Direct Access is a feature in Windows 7 that enables corporate computers (usually laptops) to access the corporate network at all times whenever connected to the Internet. Because Direct Access is transparent to the end-user, federated search works seamlessly over a direct access connection. Essentially, everything works normally as though users are on the corporate network.

Deploying Search Connectors

Simply opening a .osdx file creates a .searchconnector-ms file (a search connector file) in the %userprofile%\searches directory and places a shortcut (.lnk file) for the connector in the %userprofile%\links directory. This link appears under user favorites in the Windows Explorer navigation pane.

The process for adding a search connector to a user’s machine is essentially copying that file locally and exposing it to the user via a shortcut. See How to Deploy Search Connectors for Federated Search for information on push and pull deployment options and instructions.

Standards Support

Windows 7 supports a number of standards to provide a robust federated search solution.

For this type of standard: Windows supports:

For item data

  • RSS 2.0, 1.0, 0.91 and 0.92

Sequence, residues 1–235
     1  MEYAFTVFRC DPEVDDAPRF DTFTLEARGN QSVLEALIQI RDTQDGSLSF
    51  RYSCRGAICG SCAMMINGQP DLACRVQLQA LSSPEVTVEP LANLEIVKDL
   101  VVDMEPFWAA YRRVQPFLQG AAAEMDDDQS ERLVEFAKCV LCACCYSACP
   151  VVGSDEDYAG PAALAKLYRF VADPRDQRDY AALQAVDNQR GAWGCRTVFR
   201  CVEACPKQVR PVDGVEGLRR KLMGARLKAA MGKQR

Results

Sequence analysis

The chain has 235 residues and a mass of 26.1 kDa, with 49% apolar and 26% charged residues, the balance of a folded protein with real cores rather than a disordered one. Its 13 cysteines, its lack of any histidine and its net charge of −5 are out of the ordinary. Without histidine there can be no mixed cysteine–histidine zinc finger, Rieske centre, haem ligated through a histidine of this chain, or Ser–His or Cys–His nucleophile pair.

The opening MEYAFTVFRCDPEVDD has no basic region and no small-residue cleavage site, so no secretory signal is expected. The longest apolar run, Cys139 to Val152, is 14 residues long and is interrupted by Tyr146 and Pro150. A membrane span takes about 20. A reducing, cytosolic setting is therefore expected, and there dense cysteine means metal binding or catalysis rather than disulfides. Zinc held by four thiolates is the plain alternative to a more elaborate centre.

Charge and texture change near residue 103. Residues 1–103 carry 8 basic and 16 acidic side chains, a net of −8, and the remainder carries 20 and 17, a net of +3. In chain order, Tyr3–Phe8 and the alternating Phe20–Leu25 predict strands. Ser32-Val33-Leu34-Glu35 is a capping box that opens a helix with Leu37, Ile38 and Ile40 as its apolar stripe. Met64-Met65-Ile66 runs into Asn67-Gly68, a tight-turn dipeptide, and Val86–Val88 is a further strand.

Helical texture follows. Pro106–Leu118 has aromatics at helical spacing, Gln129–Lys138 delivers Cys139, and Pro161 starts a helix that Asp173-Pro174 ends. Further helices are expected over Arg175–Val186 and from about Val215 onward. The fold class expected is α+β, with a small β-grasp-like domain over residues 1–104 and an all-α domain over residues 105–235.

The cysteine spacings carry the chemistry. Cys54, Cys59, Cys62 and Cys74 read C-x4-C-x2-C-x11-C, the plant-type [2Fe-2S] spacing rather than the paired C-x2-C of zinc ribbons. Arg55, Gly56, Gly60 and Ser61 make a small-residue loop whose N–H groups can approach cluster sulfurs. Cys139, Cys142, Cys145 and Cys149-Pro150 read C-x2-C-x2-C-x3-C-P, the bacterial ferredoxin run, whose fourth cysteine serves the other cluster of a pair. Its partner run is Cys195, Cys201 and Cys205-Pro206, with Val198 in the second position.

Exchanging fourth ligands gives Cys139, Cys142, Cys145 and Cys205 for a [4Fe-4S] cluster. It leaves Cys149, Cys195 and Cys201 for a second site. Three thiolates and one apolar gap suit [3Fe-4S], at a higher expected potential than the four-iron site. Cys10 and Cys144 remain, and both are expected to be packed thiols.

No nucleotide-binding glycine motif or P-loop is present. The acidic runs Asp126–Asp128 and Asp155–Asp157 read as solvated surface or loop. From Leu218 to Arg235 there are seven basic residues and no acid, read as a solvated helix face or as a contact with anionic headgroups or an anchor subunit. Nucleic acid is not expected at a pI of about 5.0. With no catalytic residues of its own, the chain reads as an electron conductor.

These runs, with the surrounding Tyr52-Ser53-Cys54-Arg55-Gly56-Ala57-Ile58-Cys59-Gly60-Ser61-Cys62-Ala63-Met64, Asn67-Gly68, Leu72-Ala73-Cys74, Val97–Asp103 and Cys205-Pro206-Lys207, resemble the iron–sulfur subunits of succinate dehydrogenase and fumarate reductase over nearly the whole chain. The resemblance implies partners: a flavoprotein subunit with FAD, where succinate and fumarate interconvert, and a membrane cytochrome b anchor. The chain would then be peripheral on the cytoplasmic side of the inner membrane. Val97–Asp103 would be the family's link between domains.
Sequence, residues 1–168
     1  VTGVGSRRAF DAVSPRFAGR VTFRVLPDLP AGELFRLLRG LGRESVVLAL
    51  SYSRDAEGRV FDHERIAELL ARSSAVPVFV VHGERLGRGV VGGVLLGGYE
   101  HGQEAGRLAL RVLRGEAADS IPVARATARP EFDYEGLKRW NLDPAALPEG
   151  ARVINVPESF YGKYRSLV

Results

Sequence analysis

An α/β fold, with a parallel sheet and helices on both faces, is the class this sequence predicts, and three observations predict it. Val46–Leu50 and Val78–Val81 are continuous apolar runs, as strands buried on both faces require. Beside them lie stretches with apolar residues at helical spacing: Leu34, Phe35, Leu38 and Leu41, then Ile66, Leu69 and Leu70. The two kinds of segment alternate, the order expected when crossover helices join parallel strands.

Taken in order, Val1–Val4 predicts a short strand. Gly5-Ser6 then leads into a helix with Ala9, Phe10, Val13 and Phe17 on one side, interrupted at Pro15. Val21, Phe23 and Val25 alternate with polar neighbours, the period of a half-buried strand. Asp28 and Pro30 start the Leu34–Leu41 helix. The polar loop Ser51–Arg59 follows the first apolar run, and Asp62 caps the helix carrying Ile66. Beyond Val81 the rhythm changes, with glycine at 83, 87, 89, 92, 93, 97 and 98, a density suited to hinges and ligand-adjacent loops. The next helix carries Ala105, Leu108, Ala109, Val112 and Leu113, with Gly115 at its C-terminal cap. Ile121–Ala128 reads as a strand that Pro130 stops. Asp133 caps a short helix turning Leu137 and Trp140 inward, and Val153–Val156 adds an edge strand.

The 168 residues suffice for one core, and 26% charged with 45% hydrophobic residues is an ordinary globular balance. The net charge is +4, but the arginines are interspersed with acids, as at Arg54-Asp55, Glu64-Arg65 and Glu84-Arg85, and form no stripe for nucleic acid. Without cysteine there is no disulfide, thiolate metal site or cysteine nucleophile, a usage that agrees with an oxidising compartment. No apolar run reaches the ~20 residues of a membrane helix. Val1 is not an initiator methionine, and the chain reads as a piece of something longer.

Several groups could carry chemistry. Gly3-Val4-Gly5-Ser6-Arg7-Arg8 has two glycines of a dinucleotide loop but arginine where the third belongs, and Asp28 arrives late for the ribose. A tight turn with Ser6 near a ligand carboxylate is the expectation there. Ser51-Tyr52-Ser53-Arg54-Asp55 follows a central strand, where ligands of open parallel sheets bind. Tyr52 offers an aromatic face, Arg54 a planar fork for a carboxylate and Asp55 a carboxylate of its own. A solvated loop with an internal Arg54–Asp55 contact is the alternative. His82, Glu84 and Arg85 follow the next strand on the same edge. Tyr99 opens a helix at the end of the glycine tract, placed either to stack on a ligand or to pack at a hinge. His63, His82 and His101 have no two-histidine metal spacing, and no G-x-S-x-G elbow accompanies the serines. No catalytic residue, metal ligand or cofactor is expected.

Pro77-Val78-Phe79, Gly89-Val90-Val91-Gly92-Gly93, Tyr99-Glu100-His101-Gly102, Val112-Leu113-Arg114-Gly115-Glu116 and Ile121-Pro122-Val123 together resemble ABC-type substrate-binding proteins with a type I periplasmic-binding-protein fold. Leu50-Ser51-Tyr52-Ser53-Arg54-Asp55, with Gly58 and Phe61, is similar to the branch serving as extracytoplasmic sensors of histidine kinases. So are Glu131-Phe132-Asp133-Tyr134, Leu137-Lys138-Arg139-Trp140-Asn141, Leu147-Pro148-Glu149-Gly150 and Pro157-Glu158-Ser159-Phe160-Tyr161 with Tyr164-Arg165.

• Atom 0.3 and 1.0

  • MediaRSS content and thumbnail elements

For connection information

  • OpenSearch 1.1

For authentication

  • NTLM

  • Kerberos

  • Basic (only over https)

  • Plus any other Security Support Providers installed on the client and the server hosting the web service

Once the search connectors are deployed to the client machines as explained above, Group Policy can be used to pin search connectors to the Start Menu and the Windows Explorer Search again links. Note that deploying the files after setting the Group Policy causes a dead link to be pinned.

More information on Group Policies can be found in Group Policy for Windows Search, Browse, and Organize.

See Also


Windows Browse and Organize Features
Windows Search Features
Windows Indexing Features
Administrative How-to Guides
Group Policy for Windows Search, Browse, and Organize
Additional Resources for Windows Search, Browse, and Organization

Other Resources

Windows 7 Federated Search Provider Implementer’s Guide